Monday I decided to go downtown, because I am a mujer caprichosa.
;D Not really. I went in order to pay my electric bill and to visit the nearby library.
After paying the bill, I crossed El Llano park to get to the library, hearing all kinds of music, smelling food, and seeing lots of activity.
That's when I remembered that it was the official opening day of the Guelaguetza and that one of the auxillary festivals was the one celebrating mezcal.
I make my way in the rain past a wet band playing a dirge-y version of Zandunga and peer expectantly into the festival area.
Those are the hearts of the agave plant displayed in front. They're call piña -- pineapple for the way they look with all the leaves cut off. Those are baked in the ground, then the juice expressed to be be distilled into mezcal.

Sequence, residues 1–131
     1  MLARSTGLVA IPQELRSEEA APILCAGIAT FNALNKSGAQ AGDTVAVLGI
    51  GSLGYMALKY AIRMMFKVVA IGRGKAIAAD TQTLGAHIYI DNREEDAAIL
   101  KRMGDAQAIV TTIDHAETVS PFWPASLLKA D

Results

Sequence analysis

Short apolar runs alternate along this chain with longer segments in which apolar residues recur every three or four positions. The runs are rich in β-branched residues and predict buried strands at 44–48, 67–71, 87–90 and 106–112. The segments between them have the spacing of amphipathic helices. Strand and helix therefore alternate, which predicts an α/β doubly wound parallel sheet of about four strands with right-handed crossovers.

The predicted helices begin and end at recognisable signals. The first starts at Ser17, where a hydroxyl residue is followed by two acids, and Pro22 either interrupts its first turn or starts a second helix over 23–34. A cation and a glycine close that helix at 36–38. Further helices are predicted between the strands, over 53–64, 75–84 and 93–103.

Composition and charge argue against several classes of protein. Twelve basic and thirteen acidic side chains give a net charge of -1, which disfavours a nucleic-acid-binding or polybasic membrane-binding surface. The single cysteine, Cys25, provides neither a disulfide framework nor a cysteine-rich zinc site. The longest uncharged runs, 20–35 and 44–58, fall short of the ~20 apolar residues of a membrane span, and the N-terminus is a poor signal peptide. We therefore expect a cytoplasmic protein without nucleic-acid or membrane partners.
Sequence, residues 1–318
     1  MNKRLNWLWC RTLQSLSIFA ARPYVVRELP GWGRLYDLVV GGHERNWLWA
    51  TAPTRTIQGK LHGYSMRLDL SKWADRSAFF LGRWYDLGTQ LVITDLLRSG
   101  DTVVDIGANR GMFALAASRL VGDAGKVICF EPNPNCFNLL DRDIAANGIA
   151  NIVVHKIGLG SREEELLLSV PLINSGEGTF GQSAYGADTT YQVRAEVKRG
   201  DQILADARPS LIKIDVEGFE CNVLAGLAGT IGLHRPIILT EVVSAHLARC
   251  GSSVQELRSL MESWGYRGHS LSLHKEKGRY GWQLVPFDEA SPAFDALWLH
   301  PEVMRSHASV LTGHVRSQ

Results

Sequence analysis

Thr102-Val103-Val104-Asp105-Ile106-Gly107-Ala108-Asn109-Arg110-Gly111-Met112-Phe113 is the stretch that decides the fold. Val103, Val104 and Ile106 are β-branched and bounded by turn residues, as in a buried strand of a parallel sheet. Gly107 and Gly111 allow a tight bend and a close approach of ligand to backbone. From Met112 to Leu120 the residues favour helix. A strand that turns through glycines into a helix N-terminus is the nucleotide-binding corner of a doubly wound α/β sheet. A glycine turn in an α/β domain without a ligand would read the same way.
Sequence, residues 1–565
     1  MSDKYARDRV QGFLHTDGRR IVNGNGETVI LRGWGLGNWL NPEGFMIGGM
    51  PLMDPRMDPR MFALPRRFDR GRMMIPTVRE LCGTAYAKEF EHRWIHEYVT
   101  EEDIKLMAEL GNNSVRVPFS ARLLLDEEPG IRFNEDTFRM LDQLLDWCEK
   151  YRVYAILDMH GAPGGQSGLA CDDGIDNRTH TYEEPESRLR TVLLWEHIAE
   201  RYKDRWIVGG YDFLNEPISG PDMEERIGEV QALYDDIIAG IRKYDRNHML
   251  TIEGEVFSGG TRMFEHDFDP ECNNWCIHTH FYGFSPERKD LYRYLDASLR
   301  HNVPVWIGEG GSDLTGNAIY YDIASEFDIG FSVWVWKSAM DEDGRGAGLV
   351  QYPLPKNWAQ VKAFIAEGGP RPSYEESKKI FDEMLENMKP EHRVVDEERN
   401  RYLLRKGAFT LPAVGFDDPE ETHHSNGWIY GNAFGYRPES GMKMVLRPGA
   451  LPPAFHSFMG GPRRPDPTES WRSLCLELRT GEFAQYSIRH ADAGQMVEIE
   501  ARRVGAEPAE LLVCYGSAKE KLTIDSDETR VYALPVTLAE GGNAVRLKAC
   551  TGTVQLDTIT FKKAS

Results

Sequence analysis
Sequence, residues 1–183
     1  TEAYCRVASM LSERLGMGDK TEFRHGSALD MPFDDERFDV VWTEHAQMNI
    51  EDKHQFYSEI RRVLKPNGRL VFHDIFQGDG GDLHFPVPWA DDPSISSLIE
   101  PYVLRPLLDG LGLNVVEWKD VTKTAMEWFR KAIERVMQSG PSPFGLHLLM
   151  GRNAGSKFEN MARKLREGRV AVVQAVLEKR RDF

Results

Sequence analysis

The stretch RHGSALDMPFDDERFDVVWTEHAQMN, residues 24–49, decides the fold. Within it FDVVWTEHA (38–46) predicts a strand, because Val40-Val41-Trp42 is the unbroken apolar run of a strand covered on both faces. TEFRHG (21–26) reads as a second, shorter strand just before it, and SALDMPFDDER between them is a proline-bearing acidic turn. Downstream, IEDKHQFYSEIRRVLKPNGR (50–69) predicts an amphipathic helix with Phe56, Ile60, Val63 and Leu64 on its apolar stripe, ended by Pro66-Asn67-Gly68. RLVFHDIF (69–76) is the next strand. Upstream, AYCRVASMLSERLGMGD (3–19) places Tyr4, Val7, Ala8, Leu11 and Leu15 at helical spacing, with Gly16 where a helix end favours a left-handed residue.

One of the glories of Mexico is that where there are crowds, there will be food vendors.
Go to the front of any bus station, or where there are lines waiting to get in some place and you'll find food vendors.
A quick trip to the library and I'm back, ready for fun. Too bad I forgot about this, as it's really fun to go with others. Oh well -- this means I'll take more pictures for you all.
A note about the gorgeous garb ~~ because the Guelaguetza celebrates the culture of Oaxaca, and because that culture is made of so many different cultural groups, the vivid dress of some of those groups will be on display.